The aim of this book is to help you and your students identify the kinds of risks that are worth taking, better anticipate and navigate potential hazards associated with those risks and maximize the potential benefits.
Building Students' Problem-Solving Skills Through Complex Challenges
Author: Ronald A. Beghetto
If a fundamental goal of schooling is to prepare young people for the unknowable future, why do we assign students so many clearly defined tasks with predetermined solutions? According to educator and creativity expert Ronald A. Beghetto, the best way to unleash students''problem solving and creativity—and thus prepare them to face real-world problems—is to incorporate complex challenges that teach students to respond productively to uncertainty. In this thought-provoking book, Beghetto explains * How to foster "possibility thinking" to help students open up their thinking in creative, sometimes counterintuitive ways. * The process of lesson unplanning, a way of transforming existing lessons, activities, and assignments into more complex classroom challenges. * Four basic action principles that teachers and students can use to design and solve complex challenges both inside and outside the classroom. * The steps for creating legacy challenges, which require students to identify a problem, develop a solution, and ensure that their work makes a lasting contribution. With planning forms and detailed sample activities, this practical guide will enable teachers at every grade level to design a full range of challenges in any subject area. Invite uncertainty into your classroom—and discover what your students are capable of.
Exploring and Experiencing the Unpredictability of Education
Author: Andrzej Wiercinski
Publisher: LIT Verlag Münster
A hermeneutics of education pays special attention not to educational structures, but the central role of conversation in the educational process. The key issue is the formation of the person as a unique reality of being and acting while supporting intersubjective understanding. The polyphony of understanding places the human search for meaning within the horizon of incompleteness and allows for both, spontaneity and rigor, in order to reach an understanding of what is happening to us and in us when we understand. Reflection on education is always inseparable from educational practice.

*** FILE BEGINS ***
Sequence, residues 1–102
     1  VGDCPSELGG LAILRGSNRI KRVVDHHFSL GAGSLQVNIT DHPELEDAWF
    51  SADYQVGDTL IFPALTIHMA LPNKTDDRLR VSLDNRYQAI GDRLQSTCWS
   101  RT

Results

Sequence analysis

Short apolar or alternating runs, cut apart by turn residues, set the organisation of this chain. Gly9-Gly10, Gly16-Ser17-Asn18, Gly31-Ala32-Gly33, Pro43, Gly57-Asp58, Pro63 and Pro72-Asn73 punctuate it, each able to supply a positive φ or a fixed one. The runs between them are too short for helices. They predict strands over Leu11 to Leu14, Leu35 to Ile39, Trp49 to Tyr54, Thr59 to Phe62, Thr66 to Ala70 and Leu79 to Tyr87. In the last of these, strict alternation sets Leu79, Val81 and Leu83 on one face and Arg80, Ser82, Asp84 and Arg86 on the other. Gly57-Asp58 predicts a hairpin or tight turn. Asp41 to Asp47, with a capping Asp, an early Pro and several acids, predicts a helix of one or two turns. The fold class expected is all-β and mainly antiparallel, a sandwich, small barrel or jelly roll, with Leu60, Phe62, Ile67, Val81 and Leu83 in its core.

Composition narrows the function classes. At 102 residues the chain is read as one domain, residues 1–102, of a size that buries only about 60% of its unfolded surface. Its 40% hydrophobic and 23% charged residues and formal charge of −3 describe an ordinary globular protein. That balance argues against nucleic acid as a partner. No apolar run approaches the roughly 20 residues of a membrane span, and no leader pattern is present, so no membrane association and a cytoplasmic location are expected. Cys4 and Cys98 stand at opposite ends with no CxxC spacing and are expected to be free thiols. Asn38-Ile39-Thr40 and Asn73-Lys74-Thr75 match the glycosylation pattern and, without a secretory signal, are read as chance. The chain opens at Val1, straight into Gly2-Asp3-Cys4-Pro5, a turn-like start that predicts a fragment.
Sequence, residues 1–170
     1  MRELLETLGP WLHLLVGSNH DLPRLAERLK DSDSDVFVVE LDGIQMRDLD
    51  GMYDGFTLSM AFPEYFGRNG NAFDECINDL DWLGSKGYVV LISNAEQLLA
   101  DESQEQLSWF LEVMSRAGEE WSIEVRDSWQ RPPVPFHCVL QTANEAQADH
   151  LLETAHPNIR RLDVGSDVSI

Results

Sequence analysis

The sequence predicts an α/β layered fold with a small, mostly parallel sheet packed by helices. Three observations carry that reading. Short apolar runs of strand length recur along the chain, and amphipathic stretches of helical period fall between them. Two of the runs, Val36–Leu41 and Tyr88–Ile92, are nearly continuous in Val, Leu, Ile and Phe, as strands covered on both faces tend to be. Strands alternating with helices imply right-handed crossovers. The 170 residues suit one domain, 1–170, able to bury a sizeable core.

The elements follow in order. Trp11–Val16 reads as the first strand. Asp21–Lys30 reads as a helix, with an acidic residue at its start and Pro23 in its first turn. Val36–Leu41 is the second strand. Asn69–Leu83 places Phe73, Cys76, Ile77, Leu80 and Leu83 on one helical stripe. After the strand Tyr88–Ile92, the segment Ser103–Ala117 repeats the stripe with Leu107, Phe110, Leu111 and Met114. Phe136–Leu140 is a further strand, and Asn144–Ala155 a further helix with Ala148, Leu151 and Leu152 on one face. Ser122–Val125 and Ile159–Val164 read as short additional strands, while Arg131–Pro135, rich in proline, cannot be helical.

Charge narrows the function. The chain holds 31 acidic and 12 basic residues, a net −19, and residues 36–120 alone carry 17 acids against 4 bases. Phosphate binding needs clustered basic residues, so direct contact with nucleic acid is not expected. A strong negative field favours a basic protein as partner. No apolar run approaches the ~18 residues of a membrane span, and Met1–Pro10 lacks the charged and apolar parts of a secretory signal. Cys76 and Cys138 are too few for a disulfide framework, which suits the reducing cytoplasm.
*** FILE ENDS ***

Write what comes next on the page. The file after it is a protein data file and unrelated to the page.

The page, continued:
Ghislain Lafont, translated by Jeremy Driscoll, OSB
'The love of beauty involves a yearning which is not - and perhaps cannot be - fulfilled. For at the core of beauty is a conception of how we would like life to be and yet we know that life cannot be that way.' The notion of beauty is elusive- we love the things we find beautiful, and yet we are inarticulate when we try to communicate this love or describe its essence. There are people, works of art and places that are universally regarded as beautiful; but we also recognize the personal, individual character of our feel for beauty. In this lucid and lyrical exploration John Armstrong aims to deepen our response to beauty. And, he suggests, our capacity to discover and create beauty in everyday life is intimately connected to the pursuit of happiness.
According to many published reports, the devil is from Paris. In the circles of Christian theologians and philosophers, the dreaded enemy of "secular humanism" has been supplanted by a more terrifying creature: "postmodernism"-a label that functions as a kind of blob that absorbs anything contemporary that is considered antithetical to Christian faith. And almost invariably the provenance of postmodernism is traced to France, as if postmodernism were a kind of Frankenstein created in the laboratories of Jacques Derrida, Michel Foucault, and Jean-Francois Lyotard. Many Christian scholars have spent the past decade shoring up the front lines against this Parisian threat. In this context, the work of James H. Olthuis signals a markedly different kind of engagement with contemporary continental thought. Olthuis has found in French philosophers not enemies but allies. Following his early appropriations of the work of Hans-Georg Gadamer and continental theologians such as Pannenberg and Moltmann, Olthuis's earliest engagements with deconstruction-though critical-were characterized by an openness to the work that the Spirit might be doing in Paris. What could make such a unique engagement possible? We would argue that Olthuis's approach was possible only because he was operating out of the Reformed tradition of Abraham Kuyper and Herman Dooyeweerd. It is our hope that this book will introduce more students and scholars to Olthuis's unique scholarly contributions...as well as introduce them to a reformational tradition of Christian theoretical reflection that has unique resources for navigating the postmodern terrain. Book jacket.
More than 50 years ago scientists made a remarkable discovery, proclaiming, "We have found the secret of life ... and it's so pretty!" The secret was the discovery that life is helixical, two strands wound around a single axis—what most of us know today as the model for DNA. Over the course of his ministry, author Leonard Sweet has discovered that this divine design also informs God's blueprint for the church. In this seminal work, he shares the woven strands that form the church: missional, relational, and incarnational. Sweet declares that this secret is not just pretty, but beautiful. In fact, So Beautiful! Using the poignant life of John Newton as a touchstone, Sweet calls for the re-union of these three essential, complementary strands of the Christian life. Far from a novel idea, Sweet shows how this structure is God's original intent, and shares the simply beautiful design for His church.